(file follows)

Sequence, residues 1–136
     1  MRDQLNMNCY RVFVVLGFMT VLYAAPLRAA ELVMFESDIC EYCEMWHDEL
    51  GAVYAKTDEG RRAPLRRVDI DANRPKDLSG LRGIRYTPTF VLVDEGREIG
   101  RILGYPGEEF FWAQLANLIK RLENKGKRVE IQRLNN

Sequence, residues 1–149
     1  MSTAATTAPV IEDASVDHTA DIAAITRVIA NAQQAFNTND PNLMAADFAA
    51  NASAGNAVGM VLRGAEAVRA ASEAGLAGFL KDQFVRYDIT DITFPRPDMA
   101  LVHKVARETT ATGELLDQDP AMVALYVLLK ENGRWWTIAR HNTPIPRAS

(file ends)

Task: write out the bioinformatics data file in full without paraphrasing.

Sequence, residues 1–136
     1  MRDQLNMNCY RVFVVLGFMT VLYAAPLRAA ELVMFESDIC EYCEMWHDEL
    51  GAVYAKTDEG RRAPLRRVDI DANRPKDLSG LRGIRYTPTF VLVDEGREIG
   101  RILGYPGEEF FWAQLANLIK RLENKGKRVE IQRLNN

Sequence, residues 1–149
     1  MSTAATTAPV IEDASVDHTA DIAAITRVIA NAQQAFNTND PNLMAADFAA
    51  NASAGNAVGM VLRGAEAVRA ASEAGLAGFL KDQFVRYDIT DITFPRPDMA
   101  LVHKVARETT ATGELLDQDP AMVALYVLLK ENGRWWTIAR HNTPIPRAS